I've recently started playing some realistic shooters (mainly Operation Flashpoint: Dragon Rising) and have decided that I want to upgrade to some other than a bare bones optical mouse, preferably a laser mouse since they're supposedly better. Mainly due to the desire to switch between sensitivity settings in game so I can go from sniping to running and gunning on the fly.
I don't mind the idea of spending some money on a mouse. But it seems like if your spending more than $50 on a mouse then your doing something wrong. I have a friend who has a very expensive Razer mouse and although I haven't personally used it. I kind of doubt whether it's really that much better than a much cheaper mouse.
I've been looking at mice and have so far narrowed it down to two mice that seem to fit the bill. the Ideazon Red1000 and the Microsoft SideWinder X5. Although I've only checked Newegg so far. I would like to order one as soon as possible so I can have it in time for the weekly LAN party I go to on Friday.
The Red1000 has a higher DPI rating (3200) than the SideWinder X5 (2000) and has more sensativity settings (5 vs the SideWinder's 3). But, on the negative side. The Red1000 only has 2 buttons to switch between sensitivity. Assuming that clicking the up/down sensitivity buttons a certain number of times will start roll back to the other end of the spectrum (e.g., hitting the increase button enough times will eventually roll back and decrease to the lowest sensitivity setting). You'd have to hit the up/down buttons a maximum of 3 times in order to go all the way through the list of 5 sensitivity settings. While it may not sound like a big deal, if you want to go from sniping to running and gunning in short order during frantic gameplay. Such as your sniping location being discovered and getting shot at. It seems like having to hit the button 3 times (as opposed to 1) and the possibility that in your frantic hitting of the button might overpass your desired setting. As opposed to having a single dedicated button for each sensitivity might not be the most ideal setup.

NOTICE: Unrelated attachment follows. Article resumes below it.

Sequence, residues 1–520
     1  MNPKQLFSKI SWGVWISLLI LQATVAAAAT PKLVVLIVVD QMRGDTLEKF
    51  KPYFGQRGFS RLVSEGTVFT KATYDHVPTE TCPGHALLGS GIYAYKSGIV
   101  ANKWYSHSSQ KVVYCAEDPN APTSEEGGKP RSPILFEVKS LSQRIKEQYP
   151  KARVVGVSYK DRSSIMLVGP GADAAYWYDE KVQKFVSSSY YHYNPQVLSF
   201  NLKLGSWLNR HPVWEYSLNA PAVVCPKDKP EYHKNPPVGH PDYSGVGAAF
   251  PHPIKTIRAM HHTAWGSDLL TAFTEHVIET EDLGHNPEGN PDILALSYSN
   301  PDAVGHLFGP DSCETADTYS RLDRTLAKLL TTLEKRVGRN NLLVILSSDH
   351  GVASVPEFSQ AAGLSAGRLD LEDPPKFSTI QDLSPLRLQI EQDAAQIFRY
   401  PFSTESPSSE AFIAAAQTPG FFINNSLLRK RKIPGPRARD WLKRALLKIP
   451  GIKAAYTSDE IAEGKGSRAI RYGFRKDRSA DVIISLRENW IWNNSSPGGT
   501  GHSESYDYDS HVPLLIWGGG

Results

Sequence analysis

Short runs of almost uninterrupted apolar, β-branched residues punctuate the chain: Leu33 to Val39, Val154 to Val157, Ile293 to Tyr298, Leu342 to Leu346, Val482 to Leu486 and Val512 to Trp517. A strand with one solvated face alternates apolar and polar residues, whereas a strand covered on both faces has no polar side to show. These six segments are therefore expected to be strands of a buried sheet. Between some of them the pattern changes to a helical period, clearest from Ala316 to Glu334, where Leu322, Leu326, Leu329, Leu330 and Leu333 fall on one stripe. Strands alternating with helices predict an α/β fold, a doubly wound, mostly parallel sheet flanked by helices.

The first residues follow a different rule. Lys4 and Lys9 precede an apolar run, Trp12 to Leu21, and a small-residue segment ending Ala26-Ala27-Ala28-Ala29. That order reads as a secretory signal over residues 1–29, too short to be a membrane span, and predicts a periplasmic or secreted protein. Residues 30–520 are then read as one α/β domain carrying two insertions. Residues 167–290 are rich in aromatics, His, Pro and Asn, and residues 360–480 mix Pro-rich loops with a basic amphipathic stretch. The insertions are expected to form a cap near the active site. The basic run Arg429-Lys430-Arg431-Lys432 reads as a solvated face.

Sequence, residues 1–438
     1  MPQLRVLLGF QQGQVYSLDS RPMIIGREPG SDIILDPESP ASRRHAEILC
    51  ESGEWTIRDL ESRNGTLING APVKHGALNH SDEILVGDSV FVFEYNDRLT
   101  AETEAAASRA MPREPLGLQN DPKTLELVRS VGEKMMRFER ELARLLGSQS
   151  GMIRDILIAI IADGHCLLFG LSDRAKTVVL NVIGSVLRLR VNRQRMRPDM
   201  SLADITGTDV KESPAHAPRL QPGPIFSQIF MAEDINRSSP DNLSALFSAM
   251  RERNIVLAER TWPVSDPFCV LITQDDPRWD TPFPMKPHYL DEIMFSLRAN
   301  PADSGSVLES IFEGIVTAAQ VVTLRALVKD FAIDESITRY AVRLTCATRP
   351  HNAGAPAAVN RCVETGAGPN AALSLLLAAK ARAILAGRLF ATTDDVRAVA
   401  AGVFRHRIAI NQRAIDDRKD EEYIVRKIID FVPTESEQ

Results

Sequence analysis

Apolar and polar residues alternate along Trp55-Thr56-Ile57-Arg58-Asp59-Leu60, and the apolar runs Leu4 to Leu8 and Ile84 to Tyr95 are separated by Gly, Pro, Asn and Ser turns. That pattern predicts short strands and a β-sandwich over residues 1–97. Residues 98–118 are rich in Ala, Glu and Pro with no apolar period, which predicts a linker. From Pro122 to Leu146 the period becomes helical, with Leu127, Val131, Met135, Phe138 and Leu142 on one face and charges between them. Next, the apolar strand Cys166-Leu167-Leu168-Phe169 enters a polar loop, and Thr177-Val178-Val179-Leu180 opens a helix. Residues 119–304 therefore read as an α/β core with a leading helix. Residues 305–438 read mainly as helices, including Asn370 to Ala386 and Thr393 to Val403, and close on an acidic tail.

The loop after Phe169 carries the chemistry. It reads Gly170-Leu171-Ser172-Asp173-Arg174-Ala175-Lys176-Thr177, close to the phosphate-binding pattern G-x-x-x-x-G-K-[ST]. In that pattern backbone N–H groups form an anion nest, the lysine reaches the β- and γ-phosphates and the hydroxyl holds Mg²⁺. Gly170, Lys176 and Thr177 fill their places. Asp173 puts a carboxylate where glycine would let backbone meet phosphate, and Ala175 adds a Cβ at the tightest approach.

The SideWinder X5 has 1000 less DPI and only 3 settings instead of 5. But each sensitivity setting has it's own corresponding button. So theirs no hitting the up/down button multiple times to switch between settings. Which I would think would translate to a better gameplay experience. But on the downside, I'm not sure how I feel about the mouse's 2 side buttons. They look kinda small and weird to press. Although, I don't know how vertical (as opposed to horizontal) side buttons in general compare to the latter, which Logitech's G series uses. But the Red1000's look more comfortable than the SideWinder X5's.
The other issue being Linux compatibility. I've heard that Logitech has great Linux support and their G series are supposedly very well received from the gaming community. And at most all you'd have to do is some minor editing to your xorg.conf file or make a custom FDI file and place it in /etc/hal/fdi/policy directory to get the extra buttons to work. But I don't know much about mice, so it could be that easy for almost all mice as long as they don't' have 10,000 programmable macro buttons that need special software. But I don't know for sure if either of these two mice are 100% Linux compatible (I really like playing Nexuiz) and Google search didn't really turn up many results. I'm mainly looking for responses from people who have one of those two mice.
I also prefer wired to wireless devices. I don't think that wires really get in the way of anything to restrict my movement, even during frantic play as long as I use a USB extender with some extra cord sitting on my desk. Plus I sit a foot away from my monitor, not 10 feet across the room. And the response time will probably be slightly better as well as the possibility of interference being practically zero.